British Cycling has joined the growing list of organisations and individuals to speak out against the proposed ban on cyclists on the A63 near Hull, calling the move "disproportionate" and "deeply concerning".
Cycling Time Trials and Cycling UK have already responded to the consultation, criticising Highways England's proposal to implement a Traffic Regulation Order on the road, which is used as part of the V718 time trial course, that would see cyclists banned from the road.
In its proposal, Highways England cited the speed and density of vehicle traffic and the six accidents involving cyclists on the road in the last five years as evidence to ban riders from the road, reasoning that was criticised by British Cycling CEO Julia Harrington.
"While any fatality on our roads is tragic and upsetting, this response is disproportionate to the small number of collisions involving people cycling," Harrington said in a joint statement with Welcome to Yorkshire chief executive Gary Verity.
"We have also been informed that the single fatality which is cited was not related to speed or density of traffic – the two reasons put forward to support this order.
"The small number of collisions involving people cycling must also be put into context with the nearly 300 collisions, cited in the response from Cycling Time Trials, involving motor vehicles on the same stretch of road over the same period of time.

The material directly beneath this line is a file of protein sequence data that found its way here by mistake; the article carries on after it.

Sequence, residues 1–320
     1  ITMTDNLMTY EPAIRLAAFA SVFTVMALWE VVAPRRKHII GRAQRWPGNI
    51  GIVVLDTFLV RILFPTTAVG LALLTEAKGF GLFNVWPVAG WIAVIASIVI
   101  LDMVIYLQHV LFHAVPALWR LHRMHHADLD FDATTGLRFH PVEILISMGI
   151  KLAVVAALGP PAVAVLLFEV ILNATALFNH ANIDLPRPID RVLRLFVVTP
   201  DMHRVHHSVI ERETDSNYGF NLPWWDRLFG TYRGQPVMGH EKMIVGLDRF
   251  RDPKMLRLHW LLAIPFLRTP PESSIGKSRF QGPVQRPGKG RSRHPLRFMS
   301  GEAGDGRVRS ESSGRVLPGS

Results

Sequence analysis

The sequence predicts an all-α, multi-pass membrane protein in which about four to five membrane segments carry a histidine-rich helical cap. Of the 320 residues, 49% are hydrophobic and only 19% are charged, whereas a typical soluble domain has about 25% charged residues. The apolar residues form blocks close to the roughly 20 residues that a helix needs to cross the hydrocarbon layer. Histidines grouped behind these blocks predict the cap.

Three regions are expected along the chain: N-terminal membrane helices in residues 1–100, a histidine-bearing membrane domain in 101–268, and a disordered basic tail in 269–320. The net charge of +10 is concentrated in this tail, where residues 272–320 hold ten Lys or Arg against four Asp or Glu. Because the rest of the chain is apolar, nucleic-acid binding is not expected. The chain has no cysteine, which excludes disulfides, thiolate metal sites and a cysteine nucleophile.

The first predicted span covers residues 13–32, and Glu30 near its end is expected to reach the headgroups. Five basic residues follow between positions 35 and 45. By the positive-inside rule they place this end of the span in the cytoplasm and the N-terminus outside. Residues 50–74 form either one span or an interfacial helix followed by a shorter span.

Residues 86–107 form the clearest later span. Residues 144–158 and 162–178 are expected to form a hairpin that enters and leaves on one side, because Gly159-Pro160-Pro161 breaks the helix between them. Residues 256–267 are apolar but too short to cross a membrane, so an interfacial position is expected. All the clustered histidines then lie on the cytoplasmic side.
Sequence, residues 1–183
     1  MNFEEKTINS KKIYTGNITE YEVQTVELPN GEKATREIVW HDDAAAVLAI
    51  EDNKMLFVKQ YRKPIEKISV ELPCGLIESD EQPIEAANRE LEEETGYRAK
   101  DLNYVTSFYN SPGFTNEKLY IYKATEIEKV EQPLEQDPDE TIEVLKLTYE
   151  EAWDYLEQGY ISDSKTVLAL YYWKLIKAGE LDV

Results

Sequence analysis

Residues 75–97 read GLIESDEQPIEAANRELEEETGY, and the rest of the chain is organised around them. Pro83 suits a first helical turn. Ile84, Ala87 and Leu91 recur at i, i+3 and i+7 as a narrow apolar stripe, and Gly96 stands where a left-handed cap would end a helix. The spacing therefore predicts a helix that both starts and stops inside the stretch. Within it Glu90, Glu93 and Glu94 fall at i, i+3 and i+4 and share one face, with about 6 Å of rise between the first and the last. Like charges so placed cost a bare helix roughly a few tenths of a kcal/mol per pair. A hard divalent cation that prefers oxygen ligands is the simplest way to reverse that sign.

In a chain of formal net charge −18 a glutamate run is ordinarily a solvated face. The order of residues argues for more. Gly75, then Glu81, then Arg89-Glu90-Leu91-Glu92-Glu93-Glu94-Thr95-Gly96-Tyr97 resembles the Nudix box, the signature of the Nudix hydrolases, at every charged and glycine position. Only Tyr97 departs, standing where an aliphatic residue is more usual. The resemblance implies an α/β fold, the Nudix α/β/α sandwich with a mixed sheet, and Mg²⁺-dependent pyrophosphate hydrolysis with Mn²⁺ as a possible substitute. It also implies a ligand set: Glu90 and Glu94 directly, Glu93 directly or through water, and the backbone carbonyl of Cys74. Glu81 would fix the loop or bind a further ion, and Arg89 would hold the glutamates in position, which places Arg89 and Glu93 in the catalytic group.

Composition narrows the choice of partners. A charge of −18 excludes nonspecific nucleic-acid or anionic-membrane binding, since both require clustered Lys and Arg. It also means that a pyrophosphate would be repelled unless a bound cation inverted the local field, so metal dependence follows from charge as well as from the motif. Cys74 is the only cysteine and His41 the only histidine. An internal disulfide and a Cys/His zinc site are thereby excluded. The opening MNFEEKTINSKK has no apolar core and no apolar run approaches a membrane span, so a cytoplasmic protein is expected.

"If speed and density of traffic was accepted as a reason to ban cycling, cyclists would be banned from the vast majority of our roads. If approved, this approach will set an extremely dangerous precedent."
British Cycling and Welcome to Yorkshire have submitted a joint response to the consultation, describing the proposed ban as a "knee-jerk reaction" that would have a negative impact on the local economy and went against Highways England's own Cycling Strategy.
They also said that the ban would have a "negative impact on people’s ability to participate in the sport ahead of a potentially hugely significant year as Yorkshire looks forward to hosting the 2019 UCI Road World Championships" and would damage the county's reputation as a destination for cyclists.
The consultation on the proposed ban runs until February 19. Responses can be submitted to email@example.com or via post (quoting the order title The A63 Trunk Road (North Cave Interchange to Daltry Street Interchange) (Prohibition of Cyclists) Order) to the following address: Director, Operations Directorate (Yorkshire and North East), Highways England, 3rd Floor South, Lateral, 8 City Walk, Leeds, LS11 9AT.
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Henry Robertshaw began his time at Cycling Weekly working with the tech team, writing reviews, buying guides and appearing in videos advising on how to dress for the seasons. He later moved over to the news team, where his work focused on the professional peloton as well as legislation and provision for cycling. He's since moved his career in a new direction, with a role at the Department for Environment, Food and Rural Affairs.
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